Mariah Robertson, 154 [detail], 2010. © Mariah Robertson, courtesy American Contemporary, New York.

I missed the show, as well, but having just come across the Times review, I think it addresses a fundamental question in art photography today. It is a question that has been on my mind. To quote from the Times:

The shift of focus from fact to fiction, and all the gradations in between, is perhaps the largest issue in the current soul-searching underway in photography circles. Questions swirl: Can the “captured” image (taken on the street — think of the documentary work of Henri Cartier-Bresson) maintain equal footing with the “constructed” image (made in the studio or on the computer, often with ideological intention)? (*)

The line between traditional photography and digital image-making is becoming blurred (or, if you accept the premise of the images in the ICP show, more or less demolished.)

Travess Smalley, Capture Physical Presence #15, 2011. © Travess Smalley, courtesy Higher Pictures, New York.

Travess Smalley, Capture Physical Presence #15, 2011. © Travess Smalley, courtesy Higher Pictures, New York.(* There is an excellent essay about Travess Smalley’s work, Capture Physical Presence, here.)

(These images from the ICP show.)

My work, at least recently, is much closer to the traditional end of the spectrum than most of the constructed digital images in the ICP show. But I still wonder about the role of digital manipulation and what it says about the aims of photography. My images are extensively manipulated post-capture more and more.  I don’t hesitate to go well beyond raw conversion, tweaking exposure, or correcting color.  I am interested in bringing out textures, shadows, relationships between light and dark and color, that lead the viewer to see the scene in a new way, often seeing what is unseen with the naked eye. At present, I still feel bound to the original scene as a foundation, still approaching post-capture manipulation essentially as a matter of enhancement, even if extreme at times. But I wonder if it has to stay that way in order to be called “photography.”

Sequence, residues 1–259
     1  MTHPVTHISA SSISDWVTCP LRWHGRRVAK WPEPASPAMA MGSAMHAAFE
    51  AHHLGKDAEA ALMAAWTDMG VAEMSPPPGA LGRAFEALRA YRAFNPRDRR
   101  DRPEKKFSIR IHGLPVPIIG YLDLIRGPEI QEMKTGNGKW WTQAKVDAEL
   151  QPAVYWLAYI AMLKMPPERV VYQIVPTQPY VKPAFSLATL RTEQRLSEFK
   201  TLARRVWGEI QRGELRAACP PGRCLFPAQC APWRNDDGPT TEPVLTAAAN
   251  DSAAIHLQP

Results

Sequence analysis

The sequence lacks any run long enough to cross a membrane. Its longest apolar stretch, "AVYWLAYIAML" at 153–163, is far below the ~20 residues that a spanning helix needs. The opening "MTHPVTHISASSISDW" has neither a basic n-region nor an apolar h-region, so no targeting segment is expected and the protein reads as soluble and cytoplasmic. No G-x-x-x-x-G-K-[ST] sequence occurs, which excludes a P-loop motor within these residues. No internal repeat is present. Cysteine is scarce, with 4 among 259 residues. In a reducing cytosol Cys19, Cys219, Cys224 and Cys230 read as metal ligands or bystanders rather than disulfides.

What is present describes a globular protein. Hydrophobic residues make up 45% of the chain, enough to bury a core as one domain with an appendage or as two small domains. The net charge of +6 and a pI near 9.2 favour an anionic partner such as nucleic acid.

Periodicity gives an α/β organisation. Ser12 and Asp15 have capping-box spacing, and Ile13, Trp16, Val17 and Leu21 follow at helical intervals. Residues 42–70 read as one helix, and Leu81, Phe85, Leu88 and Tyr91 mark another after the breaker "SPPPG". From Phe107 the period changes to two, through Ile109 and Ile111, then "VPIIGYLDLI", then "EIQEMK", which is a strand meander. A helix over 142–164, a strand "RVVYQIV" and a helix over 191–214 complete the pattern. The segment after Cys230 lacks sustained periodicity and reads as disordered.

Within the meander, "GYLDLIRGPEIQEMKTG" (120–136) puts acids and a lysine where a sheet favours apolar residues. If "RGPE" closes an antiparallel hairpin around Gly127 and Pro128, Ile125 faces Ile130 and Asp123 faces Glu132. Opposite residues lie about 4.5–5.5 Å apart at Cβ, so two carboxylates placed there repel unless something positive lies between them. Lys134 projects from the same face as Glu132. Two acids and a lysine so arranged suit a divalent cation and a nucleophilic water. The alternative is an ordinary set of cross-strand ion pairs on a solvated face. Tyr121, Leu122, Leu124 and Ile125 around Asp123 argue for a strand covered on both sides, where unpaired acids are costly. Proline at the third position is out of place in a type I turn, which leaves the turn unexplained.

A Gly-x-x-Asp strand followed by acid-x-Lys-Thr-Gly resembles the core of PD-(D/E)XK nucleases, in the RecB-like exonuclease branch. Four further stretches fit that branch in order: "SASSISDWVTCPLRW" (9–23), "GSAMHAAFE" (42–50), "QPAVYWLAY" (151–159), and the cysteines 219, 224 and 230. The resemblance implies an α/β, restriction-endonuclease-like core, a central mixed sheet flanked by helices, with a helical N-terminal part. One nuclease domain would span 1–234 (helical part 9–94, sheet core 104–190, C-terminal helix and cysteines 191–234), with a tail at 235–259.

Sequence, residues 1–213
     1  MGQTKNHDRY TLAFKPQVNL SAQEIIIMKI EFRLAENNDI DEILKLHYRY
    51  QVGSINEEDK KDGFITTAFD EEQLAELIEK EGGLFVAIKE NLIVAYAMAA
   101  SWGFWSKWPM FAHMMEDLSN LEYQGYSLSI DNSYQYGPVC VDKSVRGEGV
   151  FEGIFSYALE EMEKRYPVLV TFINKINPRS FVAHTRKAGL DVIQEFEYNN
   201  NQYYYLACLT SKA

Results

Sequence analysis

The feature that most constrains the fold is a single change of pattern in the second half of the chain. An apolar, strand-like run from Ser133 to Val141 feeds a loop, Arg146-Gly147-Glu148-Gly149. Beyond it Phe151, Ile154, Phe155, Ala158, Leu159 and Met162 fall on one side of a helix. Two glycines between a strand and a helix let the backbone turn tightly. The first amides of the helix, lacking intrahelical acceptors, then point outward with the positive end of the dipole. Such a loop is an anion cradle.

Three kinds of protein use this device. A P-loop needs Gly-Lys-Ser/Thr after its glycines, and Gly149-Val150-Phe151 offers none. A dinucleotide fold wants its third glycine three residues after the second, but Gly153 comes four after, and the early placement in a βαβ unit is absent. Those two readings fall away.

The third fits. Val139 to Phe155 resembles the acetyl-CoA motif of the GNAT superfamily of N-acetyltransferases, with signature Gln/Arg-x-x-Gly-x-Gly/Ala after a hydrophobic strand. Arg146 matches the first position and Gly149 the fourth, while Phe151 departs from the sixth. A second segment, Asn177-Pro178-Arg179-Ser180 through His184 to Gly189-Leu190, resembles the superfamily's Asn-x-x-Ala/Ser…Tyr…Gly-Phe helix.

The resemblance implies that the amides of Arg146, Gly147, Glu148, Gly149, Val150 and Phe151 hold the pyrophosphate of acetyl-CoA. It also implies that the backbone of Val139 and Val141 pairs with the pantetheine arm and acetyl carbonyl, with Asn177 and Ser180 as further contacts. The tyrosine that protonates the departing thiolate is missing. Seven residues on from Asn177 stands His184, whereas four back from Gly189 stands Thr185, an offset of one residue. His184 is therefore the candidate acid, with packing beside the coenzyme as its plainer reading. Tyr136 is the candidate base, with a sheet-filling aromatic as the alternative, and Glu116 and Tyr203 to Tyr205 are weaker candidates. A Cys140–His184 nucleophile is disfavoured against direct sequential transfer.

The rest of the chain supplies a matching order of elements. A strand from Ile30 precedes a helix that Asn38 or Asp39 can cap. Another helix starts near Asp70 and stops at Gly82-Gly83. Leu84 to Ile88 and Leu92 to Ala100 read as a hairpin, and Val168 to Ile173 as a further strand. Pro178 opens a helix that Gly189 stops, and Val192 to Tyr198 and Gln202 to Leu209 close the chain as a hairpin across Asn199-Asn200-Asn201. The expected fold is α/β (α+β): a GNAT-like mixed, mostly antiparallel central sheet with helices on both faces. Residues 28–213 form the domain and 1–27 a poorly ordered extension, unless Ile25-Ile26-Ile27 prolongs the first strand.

The dichotomy between the captured image and the constructed image, mentioned above, is actually a very wide continuum with a lot of overlap. One way to look at this is to reason that if an image starts with capture by a camera, then it’s a photograph, and the end result of the creative process is still a photograph, no matter what or how much post-capture processing or engineering is carried out.  That’s my view. Not all photographers agree. But if the end result is not still a photograph, what is it? That is, a work of photographic art can be both captured and constructed. Again, that’s my view.

But how do we classify works such as those illustrated here and at the ICP show site? These are, in fact, more than mere digital constructions. For example, Travess Smalley’s works are assembled as collages, scanned, converted to jpegs, printed. There is a physical presence just as with a traditional photographic print. I have always believed that what the camera produces is just one of the raw ingredients of creating a photographic image. If the elements are produced by means other than with a camera, can it still be photography?

I think it is good for photography, for art, and for photographers that contemporary photography is an art form using “the medium in ways that challenge[d] it artistically, intellectually, and technically and broaden[ed] the notion of what a photograph could be in art.”

Red Dahlia II.  Copyright Joanne Mason 2012.

Red Dahlia II. Copyright Joanne Mason 2012.

Red Dahlia II. Shot in 2012. Extensively manipulated in Photoshop, along with Lightroom and Nik Viveza, involving a lot of color manipulation. This isn’t exactly as the eye would see a dahlia, and we can’t exactly say it’s just enhancement either. But the created image – which is designed to explore the sense of wild abandon of the flower – nevertheless embraces elements that may register on the viewer unconsciously and that contribute to the whole image.